Patterns of Symptom Distress in Older Women After Surgical Treatment for Breast Cancer
Purpose/Objectives: To describe patterns of symptom distress over time in older women receiving surgical treatment for breast cancer and to examine the relationship of selected patient and clinical characteristics to symptom distress.
Design: Secondary analysis of breast cancer data from a prospective, longitudinal study of older patients with several types of cancer.
Setting: Large mid-Atlantic teaching hospital.
Sample: 57 patients with breast cancer participated. Subjects had a mean age of 68 and were predominantly white, not Hispanic, married, Protestant, retired, and in stage I or II. A total of 55 subjects completed the study.
Methods: The Symptom Distress Scale was used. Data were collected on discharge and at three and six months postdischarge. Descriptive statistics, t test, analysis of variance, correlation coefficients, and stepwise multiple regression were analyzed.
Main Research Variables: Total symptom distress and 13 individual symptom scores.
Findings: Fatigue, frequency of pain, outlook, and insomnia consistently were most prevalent and severe. Symptoms decreased gradually. Younger, more educated, and married women experienced more distress.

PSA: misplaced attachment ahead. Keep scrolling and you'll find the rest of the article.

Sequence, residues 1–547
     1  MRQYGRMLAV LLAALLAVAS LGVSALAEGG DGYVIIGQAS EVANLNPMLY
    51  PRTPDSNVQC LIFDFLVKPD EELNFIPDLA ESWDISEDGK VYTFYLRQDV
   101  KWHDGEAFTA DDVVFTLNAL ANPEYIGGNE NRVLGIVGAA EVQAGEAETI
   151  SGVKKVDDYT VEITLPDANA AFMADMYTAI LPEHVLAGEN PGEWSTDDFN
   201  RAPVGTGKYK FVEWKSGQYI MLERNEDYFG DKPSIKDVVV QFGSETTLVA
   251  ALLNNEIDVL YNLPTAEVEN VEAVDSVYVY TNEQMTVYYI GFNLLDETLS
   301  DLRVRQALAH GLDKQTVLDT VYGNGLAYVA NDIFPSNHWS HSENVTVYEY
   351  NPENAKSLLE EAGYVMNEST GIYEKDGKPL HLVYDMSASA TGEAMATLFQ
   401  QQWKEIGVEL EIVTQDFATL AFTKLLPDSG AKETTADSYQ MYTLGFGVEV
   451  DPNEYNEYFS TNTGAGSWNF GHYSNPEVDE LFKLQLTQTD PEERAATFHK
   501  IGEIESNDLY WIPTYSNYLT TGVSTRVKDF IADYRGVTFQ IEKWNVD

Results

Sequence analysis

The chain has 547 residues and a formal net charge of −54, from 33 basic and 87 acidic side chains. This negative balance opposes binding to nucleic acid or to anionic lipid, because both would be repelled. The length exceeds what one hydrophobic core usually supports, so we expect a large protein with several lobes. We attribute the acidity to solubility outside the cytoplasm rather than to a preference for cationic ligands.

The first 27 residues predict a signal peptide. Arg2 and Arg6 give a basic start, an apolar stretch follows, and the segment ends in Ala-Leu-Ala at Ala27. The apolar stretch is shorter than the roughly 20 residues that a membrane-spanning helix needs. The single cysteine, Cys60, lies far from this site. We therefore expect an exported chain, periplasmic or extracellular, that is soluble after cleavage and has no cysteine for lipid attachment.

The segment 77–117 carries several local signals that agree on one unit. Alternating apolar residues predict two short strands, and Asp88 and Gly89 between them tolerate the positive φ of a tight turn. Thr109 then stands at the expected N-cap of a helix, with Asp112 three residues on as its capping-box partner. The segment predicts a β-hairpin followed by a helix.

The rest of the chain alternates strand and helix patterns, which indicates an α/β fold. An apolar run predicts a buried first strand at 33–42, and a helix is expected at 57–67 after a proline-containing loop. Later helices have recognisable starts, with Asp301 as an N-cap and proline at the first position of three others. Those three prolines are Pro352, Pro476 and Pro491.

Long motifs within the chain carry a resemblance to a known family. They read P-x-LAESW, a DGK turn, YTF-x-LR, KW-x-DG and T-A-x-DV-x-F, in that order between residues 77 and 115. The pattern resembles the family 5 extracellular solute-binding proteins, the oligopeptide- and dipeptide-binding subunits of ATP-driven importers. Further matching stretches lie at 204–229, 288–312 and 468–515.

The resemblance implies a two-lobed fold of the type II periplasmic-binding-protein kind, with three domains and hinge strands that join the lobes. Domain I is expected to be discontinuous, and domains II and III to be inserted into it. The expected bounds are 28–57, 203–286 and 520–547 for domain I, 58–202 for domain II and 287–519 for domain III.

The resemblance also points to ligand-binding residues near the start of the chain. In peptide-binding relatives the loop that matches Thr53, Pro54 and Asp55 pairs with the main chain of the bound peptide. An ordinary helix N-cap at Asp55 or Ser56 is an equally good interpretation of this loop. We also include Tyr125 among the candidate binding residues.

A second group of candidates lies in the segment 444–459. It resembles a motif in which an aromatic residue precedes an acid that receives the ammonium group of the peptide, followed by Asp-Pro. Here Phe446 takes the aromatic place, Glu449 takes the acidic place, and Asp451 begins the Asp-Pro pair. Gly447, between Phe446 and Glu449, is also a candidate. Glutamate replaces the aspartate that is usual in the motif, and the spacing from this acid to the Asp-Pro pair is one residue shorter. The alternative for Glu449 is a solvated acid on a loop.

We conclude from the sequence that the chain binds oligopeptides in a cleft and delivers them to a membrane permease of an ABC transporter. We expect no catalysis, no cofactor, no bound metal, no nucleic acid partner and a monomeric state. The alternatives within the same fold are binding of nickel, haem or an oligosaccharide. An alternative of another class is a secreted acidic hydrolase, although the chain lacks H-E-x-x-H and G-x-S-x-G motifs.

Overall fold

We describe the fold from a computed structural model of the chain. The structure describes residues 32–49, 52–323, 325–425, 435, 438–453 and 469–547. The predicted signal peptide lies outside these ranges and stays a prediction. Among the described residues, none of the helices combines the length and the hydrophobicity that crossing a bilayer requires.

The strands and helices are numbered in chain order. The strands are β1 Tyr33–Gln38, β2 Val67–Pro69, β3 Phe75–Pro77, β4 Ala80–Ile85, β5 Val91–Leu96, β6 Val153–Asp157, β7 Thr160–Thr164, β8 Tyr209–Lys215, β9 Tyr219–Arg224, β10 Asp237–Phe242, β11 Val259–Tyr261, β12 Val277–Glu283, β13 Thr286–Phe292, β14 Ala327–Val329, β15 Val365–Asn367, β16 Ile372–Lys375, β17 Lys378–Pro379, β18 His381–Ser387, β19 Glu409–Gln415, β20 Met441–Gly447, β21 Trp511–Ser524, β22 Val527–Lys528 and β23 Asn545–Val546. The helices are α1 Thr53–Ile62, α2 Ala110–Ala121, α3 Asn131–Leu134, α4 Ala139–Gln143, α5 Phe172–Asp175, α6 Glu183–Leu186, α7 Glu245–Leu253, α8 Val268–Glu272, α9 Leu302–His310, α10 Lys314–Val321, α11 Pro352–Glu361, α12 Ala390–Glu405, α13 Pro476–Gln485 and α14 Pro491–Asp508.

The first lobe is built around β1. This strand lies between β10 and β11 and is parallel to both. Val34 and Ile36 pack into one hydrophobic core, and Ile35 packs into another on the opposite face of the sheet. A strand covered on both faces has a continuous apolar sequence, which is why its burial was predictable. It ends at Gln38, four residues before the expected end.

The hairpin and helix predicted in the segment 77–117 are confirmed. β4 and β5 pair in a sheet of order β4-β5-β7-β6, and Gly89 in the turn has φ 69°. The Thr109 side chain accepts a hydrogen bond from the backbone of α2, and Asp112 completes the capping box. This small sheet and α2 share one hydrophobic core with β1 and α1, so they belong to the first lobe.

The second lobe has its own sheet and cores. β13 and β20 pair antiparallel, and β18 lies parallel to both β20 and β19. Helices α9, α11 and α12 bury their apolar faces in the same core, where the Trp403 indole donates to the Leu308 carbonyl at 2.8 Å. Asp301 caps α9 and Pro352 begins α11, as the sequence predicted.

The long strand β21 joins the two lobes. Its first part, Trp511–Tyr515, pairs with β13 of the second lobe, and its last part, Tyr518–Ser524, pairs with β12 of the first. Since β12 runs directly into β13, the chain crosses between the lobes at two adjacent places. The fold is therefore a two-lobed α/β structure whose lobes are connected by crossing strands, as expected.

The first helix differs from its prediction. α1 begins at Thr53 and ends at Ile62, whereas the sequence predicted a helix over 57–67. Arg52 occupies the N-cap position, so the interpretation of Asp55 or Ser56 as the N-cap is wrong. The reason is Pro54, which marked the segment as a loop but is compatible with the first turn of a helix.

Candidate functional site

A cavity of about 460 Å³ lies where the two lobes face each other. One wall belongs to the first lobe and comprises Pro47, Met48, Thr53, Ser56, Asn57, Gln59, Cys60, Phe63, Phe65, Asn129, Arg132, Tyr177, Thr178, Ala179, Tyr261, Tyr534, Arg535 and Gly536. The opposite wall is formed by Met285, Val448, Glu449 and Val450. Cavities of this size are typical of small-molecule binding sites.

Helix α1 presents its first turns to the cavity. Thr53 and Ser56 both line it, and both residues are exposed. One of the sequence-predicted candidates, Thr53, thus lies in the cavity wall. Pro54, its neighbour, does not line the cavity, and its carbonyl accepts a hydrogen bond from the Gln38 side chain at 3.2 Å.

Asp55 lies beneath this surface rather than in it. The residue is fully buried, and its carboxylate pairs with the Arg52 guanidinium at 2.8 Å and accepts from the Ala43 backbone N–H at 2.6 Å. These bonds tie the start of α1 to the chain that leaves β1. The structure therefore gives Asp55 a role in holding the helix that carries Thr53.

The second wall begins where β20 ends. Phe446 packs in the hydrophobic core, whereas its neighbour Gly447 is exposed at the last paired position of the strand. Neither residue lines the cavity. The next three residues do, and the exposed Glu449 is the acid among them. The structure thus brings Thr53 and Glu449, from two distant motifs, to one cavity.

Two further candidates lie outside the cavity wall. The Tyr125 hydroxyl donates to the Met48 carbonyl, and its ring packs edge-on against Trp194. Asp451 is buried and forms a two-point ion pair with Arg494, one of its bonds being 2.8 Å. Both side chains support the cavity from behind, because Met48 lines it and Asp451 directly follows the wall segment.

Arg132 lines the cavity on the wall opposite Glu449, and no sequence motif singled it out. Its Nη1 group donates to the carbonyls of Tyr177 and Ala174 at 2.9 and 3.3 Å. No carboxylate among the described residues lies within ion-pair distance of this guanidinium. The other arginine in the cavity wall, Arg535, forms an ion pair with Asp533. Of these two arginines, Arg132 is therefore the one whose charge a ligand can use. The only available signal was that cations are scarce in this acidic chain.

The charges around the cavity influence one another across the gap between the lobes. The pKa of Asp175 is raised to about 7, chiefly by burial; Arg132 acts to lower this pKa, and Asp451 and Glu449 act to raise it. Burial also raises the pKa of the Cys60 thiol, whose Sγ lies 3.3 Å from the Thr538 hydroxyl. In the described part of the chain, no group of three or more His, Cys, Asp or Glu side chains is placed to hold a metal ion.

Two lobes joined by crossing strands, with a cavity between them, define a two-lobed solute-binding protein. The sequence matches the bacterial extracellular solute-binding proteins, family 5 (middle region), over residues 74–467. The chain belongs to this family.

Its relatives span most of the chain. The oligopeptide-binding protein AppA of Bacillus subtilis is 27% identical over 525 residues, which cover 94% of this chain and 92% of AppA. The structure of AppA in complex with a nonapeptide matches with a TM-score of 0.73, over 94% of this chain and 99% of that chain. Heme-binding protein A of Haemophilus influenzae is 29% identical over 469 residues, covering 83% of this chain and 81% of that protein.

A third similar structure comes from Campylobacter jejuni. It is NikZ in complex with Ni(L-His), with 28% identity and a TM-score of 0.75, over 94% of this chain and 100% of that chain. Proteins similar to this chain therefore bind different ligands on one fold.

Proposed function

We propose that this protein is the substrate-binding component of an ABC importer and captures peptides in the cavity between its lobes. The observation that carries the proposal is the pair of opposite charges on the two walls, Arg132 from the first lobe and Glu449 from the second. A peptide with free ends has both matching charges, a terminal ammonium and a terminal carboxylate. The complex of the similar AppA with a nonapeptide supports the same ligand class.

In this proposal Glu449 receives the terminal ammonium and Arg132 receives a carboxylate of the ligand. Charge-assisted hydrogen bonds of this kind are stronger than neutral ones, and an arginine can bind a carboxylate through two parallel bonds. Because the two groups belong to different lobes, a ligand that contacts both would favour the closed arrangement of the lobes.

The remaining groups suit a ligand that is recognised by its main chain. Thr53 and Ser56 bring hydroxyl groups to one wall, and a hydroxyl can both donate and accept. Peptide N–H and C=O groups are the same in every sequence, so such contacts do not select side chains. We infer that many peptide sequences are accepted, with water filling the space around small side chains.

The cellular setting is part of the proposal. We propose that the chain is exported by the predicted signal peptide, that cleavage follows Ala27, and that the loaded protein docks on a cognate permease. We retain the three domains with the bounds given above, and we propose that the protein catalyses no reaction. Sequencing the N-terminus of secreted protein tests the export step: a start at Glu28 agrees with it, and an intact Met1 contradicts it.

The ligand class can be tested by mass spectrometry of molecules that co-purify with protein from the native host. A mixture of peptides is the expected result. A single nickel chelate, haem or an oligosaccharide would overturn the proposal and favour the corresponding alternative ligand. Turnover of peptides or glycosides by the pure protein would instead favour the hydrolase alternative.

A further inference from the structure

Conclusions: Interactions among symptoms are complex. Later symptom distress may be predicted by early experience and demographic characteristics.
Implications for Nursing: Clinicians should inquire about symptom distress at each encounter, expect multiple symptoms, and anticipate greater symptom distress in patients who are younger, more educated, or married or living with a partner. In women with more severe, earlier symptom distress, nurses should intervene promptly. Research should determine interrelationships of symptoms and how they might be affected by contextual variables, describe critical attributes of the nursepatient interaction that might mitigate symptom distress, characterize the relationship of symptom intensity and distress, clarify the mechanism of the relationship between marital status and symptom distress, and identify the effect of symptoms, individually and collectively, on survival and quality of life.